Tuesday, July 23, 2013

Introverts: Supercharge Easy Job Interview Parts

Job interviews can be full of stress and terror for introverts. Meeting new people, saying all the right things, answering questions well, and not becoming tongue-tied are difficult for us.

But if we dissect the job interview, many of its elements become easier for shy and introverted individuals to handle.


Pinpointing Easy Job Interview Elements

Here are some job interview aspects that rank "easy" on the introvert difficulty scale:

Researching the job and the organization. Learn all you can about the job and the organization before your interview. Review the company's website, marketing, enewsletters, blogs, social media, history, annual report, product information, and anything else you can find. This information will help you understand the organization's purpose, direction, and culture. You can also search LinkedIn for information about the interviewer's background. If you need to learn more about the job's typical duties, research it in the Occupational Outlook Handbook.

Preparing questions for the interviewer. As you do your research, make a list of questions to ask the interviewer about the organization. Avoid basic questions such as "What does your company do?" Create in-depth questions that show you've done research such as "How does your merger with XYZ Company affect the future of this department and the company?" Also include questions about the job and the ideal employee for it.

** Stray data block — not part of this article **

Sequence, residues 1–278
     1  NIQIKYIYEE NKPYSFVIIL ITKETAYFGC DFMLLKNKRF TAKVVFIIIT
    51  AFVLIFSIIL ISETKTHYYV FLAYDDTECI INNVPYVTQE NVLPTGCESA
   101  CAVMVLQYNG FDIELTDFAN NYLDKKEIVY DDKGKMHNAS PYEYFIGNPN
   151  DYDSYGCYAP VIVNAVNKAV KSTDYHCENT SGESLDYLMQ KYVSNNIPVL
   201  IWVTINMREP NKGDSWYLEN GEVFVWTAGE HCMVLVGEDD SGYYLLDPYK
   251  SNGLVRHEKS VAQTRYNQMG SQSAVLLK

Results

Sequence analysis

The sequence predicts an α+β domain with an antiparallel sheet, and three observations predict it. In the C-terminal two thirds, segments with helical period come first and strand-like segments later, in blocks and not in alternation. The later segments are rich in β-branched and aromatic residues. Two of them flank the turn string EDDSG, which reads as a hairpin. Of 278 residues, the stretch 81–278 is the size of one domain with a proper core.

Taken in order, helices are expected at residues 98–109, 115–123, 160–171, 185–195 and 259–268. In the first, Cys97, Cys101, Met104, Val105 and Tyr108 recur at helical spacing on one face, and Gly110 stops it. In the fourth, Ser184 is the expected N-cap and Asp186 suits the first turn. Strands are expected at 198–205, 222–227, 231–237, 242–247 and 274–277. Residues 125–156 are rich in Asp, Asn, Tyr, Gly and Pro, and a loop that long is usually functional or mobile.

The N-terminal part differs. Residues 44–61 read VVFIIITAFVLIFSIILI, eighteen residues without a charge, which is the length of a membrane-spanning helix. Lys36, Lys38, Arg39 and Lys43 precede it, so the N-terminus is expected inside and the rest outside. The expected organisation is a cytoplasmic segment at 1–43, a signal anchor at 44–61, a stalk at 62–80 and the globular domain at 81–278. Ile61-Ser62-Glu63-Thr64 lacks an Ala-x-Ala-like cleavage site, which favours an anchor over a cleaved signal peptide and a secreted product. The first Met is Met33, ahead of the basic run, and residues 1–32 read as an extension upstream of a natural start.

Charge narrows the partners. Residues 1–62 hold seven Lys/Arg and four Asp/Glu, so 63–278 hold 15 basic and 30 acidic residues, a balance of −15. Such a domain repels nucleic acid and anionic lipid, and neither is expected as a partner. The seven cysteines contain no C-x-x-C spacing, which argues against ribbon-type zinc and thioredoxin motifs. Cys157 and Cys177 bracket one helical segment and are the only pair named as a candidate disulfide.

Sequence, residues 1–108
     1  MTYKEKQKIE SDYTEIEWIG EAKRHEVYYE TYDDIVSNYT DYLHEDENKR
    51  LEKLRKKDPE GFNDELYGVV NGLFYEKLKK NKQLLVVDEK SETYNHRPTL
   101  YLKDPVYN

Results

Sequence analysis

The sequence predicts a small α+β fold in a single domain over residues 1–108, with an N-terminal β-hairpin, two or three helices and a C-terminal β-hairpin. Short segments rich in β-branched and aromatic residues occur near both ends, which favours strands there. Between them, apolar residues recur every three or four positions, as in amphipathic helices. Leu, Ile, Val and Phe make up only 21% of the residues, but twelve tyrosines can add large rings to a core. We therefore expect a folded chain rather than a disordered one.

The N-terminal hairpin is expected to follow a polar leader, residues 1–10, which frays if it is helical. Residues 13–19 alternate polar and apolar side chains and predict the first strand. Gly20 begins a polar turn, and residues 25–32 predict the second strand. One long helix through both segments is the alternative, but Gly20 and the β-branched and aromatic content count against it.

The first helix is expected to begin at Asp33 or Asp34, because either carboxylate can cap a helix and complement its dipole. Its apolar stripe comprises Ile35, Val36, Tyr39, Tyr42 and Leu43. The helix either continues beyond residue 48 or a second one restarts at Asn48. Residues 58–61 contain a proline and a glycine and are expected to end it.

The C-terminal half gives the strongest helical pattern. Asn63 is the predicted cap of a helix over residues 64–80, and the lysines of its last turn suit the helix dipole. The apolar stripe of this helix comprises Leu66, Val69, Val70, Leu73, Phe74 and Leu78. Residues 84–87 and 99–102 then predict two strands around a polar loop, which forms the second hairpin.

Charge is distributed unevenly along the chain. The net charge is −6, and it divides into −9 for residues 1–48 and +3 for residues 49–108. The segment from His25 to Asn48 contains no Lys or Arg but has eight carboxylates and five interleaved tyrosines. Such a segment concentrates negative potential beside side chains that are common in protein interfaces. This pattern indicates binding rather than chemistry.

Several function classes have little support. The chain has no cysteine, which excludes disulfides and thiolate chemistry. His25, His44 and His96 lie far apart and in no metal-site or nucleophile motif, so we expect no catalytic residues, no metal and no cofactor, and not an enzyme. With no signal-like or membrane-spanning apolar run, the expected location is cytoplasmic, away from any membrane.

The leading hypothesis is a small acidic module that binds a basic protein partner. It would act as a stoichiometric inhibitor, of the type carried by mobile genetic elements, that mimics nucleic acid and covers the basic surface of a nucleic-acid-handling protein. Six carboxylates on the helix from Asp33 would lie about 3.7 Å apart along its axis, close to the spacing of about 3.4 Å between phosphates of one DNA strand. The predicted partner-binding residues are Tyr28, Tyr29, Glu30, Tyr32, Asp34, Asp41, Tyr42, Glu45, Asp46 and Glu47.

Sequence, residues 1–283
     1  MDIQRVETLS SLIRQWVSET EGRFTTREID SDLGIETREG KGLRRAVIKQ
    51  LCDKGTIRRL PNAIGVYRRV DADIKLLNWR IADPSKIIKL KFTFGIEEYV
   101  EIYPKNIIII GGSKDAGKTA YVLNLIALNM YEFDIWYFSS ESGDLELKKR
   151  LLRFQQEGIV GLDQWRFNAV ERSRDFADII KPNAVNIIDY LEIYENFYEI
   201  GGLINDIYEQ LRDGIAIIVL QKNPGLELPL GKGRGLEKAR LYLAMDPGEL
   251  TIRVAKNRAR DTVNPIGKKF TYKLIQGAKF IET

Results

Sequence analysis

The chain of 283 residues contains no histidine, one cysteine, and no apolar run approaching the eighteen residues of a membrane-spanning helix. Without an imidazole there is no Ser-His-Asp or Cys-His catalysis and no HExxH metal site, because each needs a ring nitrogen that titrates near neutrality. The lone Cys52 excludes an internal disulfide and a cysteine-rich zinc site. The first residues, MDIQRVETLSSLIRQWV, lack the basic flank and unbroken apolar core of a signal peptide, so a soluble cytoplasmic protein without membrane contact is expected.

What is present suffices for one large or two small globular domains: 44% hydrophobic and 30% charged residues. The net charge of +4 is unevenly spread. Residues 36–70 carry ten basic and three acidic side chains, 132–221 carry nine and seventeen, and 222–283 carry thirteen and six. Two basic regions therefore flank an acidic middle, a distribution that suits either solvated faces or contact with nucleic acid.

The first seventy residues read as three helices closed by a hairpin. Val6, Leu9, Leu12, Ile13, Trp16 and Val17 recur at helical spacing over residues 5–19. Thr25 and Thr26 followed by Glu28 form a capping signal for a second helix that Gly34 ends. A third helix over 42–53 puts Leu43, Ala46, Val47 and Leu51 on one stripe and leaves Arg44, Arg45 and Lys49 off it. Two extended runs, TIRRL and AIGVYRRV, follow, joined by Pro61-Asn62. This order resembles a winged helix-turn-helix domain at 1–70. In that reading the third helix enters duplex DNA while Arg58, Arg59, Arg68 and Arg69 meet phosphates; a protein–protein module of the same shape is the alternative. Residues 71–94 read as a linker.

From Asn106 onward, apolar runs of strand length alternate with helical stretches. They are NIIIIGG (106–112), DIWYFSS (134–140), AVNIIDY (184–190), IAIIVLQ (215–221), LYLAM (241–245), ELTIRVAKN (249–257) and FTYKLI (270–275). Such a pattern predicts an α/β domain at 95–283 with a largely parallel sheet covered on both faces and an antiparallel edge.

Dressing up. Dressing well and conservatively for job interviews will give you a professional edge and a confidence boost. 
Shy Job Seeker Blog--Creating Great List of References Is Easy for Introverts
Creating a great reference
list is easy for introverts.

Showing soft skills. It's easy for introverts to be on time, shake hands, and show good manners. Remember to smile and make eye contact. These soft skills will go far in a job interview.

Presenting an impressive portfolio and reference list. From the comfort of your home, you can organize and develop a physical or online portfolio of your work that will help you stand out. Include examples, certificates, awards, and recommendation letters. In addition, an impeccable list of references will impress any employer.

Telling the employer you want the job. It's painless to say, "I'd really like to work with you and with the organization." Plus, it's a great way to reinforce your interest in the job and to end an interview.

Thanking the interviewer. It's not difficult for introverts and shy people to give a sincere thank you and to shake hands at an interview's conclusion. Ask for the interviewer's business card so you can follow up.

Sending a thank-you note and following up by email. Send a thank-you email immediately after the job interview. Then send a follow-up note a few days later to ask about the opening's status. Most job seekers don't take these steps, so they could move you to the front of the hiring line.

Boosting Your Job Interview Performance

If you keep the job interview elements above in mind and give them extra emphasis, you will boost your job interview performance.

What other parts of job interviews are relatively easy for you? Please share your thoughts with other shy and introverted job hunters.


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